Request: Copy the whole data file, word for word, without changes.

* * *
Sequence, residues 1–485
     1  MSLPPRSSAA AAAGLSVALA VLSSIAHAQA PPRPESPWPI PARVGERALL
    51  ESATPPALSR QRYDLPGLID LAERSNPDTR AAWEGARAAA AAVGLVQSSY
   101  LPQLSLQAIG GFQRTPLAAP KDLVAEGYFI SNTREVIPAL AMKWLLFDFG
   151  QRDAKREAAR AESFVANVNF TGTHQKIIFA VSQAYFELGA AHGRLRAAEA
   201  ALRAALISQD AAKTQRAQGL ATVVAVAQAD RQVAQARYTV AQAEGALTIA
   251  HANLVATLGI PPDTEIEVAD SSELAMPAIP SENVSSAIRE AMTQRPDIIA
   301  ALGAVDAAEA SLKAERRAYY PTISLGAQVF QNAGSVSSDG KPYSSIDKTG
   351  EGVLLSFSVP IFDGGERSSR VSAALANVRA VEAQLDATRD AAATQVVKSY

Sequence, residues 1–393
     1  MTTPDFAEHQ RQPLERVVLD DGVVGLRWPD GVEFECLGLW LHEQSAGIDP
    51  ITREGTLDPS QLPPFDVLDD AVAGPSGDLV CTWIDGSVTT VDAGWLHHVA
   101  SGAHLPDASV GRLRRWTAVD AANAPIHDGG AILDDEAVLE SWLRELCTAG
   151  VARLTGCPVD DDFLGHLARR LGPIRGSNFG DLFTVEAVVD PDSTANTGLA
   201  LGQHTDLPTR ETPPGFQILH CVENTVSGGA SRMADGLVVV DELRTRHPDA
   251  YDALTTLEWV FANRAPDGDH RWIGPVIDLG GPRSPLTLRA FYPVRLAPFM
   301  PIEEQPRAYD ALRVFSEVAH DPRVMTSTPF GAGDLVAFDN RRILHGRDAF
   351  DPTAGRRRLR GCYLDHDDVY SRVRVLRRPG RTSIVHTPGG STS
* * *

Sequence, residues 1–485
     1  MSLPPRSSAA AAAGLSVALA VLSSIAHAQA PPRPESPWPI PARVGERALL
    51  ESATPPALSR QRYDLPGLID LAERSNPDTR AAWEGARAAA AAVGLVQSSY
   101  LPQLSLQAIG GFQRTPLAAP KDLVAEGYFI SNTREVIPAL AMKWLLFDFG
   151  QRDAKREAAR AESFVANVNF TGTHQKIIFA VSQAYFELGA AHGRLRAAEA
   201  ALRAALISQD AAKTQRAQGL ATVVAVAQAD RQVAQARYTV AQAEGALTIA
   251  HANLVATLGI PPDTEIEVAD SSELAMPAIP SENVSSAIRE AMTQRPDIIA
   301  ALGAVDAAEA SLKAERRAYY PTISLGAQVF QNAGSVSSDG KPYSSIDKTG
   351  EGVLLSFSVP IFDGGERSSR VSAALANVRA VEAQLDATRD AAATQVVKSY

Sequence, residues 1–393
     1  MTTPDFAEHQ RQPLERVVLD DGVVGLRWPD GVEFECLGLW LHEQSAGIDP
    51  ITREGTLDPS QLPPFDVLDD AVAGPSGDLV CTWIDGSVTT VDAGWLHHVA
   101  SGAHLPDASV GRLRRWTAVD AANAPIHDGG AILDDEAVLE SWLRELCTAG
   151  VARLTGCPVD DDFLGHLARR LGPIRGSNFG DLFTVEAVVD PDSTANTGLA
   201  LGQHTDLPTR ETPPGFQILH CVENTVSGGA SRMADGLVVV DELRTRHPDA
   251  YDALTTLEWV FANRAPDGDH RWIGPVIDLG GPRSPLTLRA FYPVRLAPFM
   301  PIEEQPRAYD ALRVFSEVAH DPRVMTSTPF GAGDLVAFDN RRILHGRDAF
   351  DPTAGRRRLR GCYLDHDDVY SRVRVLRRPG RTSIVHTPGG STS